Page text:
Addressing legal reform needs as countries prepare for REDD+
Recent international studies have found that improving governance is among REDD+ countries’ top priorities. The REDD+ momentum may be an excellent opportunity to engage institutional and political stakeholders in improving frameworks and better law enforcement. Participants heard about effective approaches to foster good governance in Mexico, the Democratic Republic of Congo, Colombia and Indonesia. Inter-sectoralcoordination was highlighted as essential to develop REDD+ engagement beyond the forest sector.
Jacob Werksman, principal advisor at the Directorate-General for Climate Action of the European Commission, highlighted the significant upfront investment of time and resources that has been made in REDD+, both at UNFCCC negotiation level and at national level through the preparation of national strategies as well as readiness and piloting activities. This enthusiasm for REDD+ has been linked both to the scale of potential greenhouse gas emission reductions as well as to the high levels of carbon finance expected. Nevertheless, many challenges remain as to how REDD+ can provide the opportunity to address the changes and reforms needed at national level.
Thais Linhares-Juvenal, senior officer of the UN-REDD Programme Secretariat, presented results of the 22 country needs assessments carried out by UN-REDD and the Forest Caron Partnership Facility. These studies aimed to scope out country priority needs in the context of REDD+ readiness. The results revealed that 80% of the 22 countries surveyed prioritised three governance areas: legal frameworks, benefit sharing and institutional strengthening and reforms. Regional perspectives on governance priorities varied: Asian and Latin American REDD+ countries emphasised the importance of benefit sharing, whereas African countries prioritised institutional strengthening, coordination mechanisms and legal frameworks.
Other panelists presented country experiences with governance efforts and challenges in legal reform and law enforcement. Thais Narciso, forest policy officer at GLOBE International, described work done by the Globe Legislator’s Forest Initiative, which supports legislators committed to sustainable development in their efforts to move the REDD+ agenda forward. The programme is currently active in Mexico, Brazil, the Democratic Republic of Congo and Indonesia. Thais Narciso emphasised the achievements and challenges in Mexico and the DRC. She also cited the current political momentum on REDD+ as an opportunity for engaging with legislators to develop political support for REDD+ and secure investment flows.She also pointed out that the REDD+ process offers an opportunity for placing broader legal issues and law enforcement challenges on the political agenda.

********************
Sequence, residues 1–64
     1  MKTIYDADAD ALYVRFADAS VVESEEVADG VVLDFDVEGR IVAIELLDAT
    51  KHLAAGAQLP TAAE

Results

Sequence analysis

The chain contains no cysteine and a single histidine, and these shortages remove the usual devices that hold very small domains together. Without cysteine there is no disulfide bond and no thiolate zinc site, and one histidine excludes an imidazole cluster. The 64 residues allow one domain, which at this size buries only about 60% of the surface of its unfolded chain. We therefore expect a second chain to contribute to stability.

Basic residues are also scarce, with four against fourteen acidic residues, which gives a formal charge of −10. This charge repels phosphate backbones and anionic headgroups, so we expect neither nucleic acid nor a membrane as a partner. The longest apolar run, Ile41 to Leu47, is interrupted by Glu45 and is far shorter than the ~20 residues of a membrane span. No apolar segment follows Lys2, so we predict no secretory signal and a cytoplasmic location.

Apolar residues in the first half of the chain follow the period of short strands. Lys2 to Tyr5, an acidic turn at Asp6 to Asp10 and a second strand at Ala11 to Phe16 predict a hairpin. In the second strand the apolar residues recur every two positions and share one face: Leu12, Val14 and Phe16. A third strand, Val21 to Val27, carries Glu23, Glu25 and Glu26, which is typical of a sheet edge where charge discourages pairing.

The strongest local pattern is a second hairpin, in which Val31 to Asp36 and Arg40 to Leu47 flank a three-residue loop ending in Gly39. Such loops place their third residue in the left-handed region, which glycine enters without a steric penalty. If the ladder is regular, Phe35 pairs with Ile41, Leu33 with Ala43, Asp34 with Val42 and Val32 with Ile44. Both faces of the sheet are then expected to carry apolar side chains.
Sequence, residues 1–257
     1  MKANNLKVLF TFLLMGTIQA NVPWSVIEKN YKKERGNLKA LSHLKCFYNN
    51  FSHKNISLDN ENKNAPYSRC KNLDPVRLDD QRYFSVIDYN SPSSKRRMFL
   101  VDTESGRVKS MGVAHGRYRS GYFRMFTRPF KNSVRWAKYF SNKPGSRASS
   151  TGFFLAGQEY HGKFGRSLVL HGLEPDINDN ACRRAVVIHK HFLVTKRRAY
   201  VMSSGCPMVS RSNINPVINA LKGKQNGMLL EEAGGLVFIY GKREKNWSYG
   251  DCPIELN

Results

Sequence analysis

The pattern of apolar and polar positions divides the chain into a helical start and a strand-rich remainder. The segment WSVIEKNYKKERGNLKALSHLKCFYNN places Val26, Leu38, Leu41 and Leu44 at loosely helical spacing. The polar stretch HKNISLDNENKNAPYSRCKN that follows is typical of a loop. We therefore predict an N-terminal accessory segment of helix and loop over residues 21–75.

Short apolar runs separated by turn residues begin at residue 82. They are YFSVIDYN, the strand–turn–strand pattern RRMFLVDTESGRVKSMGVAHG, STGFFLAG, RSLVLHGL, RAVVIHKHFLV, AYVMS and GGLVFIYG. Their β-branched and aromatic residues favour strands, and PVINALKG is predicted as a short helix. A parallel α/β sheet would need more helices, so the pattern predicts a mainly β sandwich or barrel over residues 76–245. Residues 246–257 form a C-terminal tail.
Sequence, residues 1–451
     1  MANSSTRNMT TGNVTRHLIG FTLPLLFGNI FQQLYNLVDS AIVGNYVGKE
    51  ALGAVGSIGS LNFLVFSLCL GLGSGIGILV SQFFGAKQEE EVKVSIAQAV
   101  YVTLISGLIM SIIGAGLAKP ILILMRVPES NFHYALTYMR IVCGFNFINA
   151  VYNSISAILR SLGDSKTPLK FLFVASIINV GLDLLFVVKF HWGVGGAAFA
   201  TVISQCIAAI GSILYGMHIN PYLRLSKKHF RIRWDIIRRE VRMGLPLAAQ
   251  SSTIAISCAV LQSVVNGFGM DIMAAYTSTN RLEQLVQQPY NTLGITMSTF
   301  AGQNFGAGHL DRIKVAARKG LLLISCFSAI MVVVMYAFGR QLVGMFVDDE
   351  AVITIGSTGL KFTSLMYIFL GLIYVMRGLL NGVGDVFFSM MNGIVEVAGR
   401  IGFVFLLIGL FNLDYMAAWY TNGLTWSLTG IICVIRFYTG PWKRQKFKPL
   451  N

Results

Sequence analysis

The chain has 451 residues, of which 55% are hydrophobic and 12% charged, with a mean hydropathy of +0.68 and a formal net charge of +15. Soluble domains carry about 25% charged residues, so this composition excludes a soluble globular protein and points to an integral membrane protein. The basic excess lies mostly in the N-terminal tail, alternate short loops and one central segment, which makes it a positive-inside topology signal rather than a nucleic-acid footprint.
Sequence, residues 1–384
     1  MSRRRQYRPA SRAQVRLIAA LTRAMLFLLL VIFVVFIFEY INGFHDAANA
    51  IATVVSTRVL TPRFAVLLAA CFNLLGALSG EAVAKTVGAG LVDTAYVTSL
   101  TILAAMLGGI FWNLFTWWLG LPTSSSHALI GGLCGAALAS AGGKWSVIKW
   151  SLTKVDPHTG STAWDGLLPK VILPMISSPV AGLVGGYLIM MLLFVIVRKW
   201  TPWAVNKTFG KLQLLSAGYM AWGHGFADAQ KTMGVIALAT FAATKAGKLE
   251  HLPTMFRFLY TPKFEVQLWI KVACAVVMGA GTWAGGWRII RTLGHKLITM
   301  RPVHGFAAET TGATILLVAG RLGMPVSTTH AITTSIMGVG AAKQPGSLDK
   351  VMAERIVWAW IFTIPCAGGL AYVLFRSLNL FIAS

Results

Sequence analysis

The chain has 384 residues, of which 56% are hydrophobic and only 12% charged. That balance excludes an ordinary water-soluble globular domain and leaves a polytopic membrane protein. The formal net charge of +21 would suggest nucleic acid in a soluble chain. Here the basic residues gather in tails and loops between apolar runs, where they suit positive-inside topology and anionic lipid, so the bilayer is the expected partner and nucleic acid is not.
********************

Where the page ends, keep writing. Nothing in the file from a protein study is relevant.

In Colombia, agriculture and mining drivers are central to the REDD+ process, as described by Ivan Dario Valencia Rodriguez, advisor to the country’s Ministry of Environment and Sustainable Development. Colombia has also recently launched its ‘Pact for Legal Timber’. And progress is already evident in cross-sectoral coordination among ministries and industry, both in the agricultural and forest sectors. Zoning of the forest reserve presents its own challenges, since competition with the mining sector is significant and further institutional coordination is called for. Land tenure, in particular for forest communities, is another important governance issue at national level.
Mas Achmad Santosa, who heads the Working Group on legal review and law enforcement in Indonesia’s REDD+ Presidential Task Force, described the REDD+ institutional setting in this country, highlighting the cross-ministerial approach within the task force, as well as the country’s REDD+ strategy which was officially presented two months ago. President Yudhoyono´s moratorium on new forest concessions is still in place, with a possible extension under discussion. Santosa outlined the key governance challenges through a fishbone analysis of causes and effects such as lack of spatial planning, unclear tenure regimes, ineffective forest management analysis, and inadequate law enforcement.
During the discussion audience questions raised several issues. They first focused on benefit sharing and the link with the UNFCCC negotiation process. Valencia Rodriguez advised caution about raising overly high expectations for beneficiaries. He also mentioned the difficulty of advocating for national reforms without strong international signals.
The panel also discussed ways to address foreseeable disparities between national and subnational implementation. Experiences have varied from country to country. Brazil’s regions, for example, have progressed quickly and the often recommended nested approach could complicate development of a national approach. In contrast in the Democratic Republic of Congo, subnational capacity is almost nonexistent.
Lastly the question was posed, is REDD+ just a proxy for addressing larger land use change issues? Globe International’s experience working with parliamentarians suggests that taking a broader approach to sustainable forest management can certainly help to catch politicians’ attention.
Photo by Adeline Dontenville
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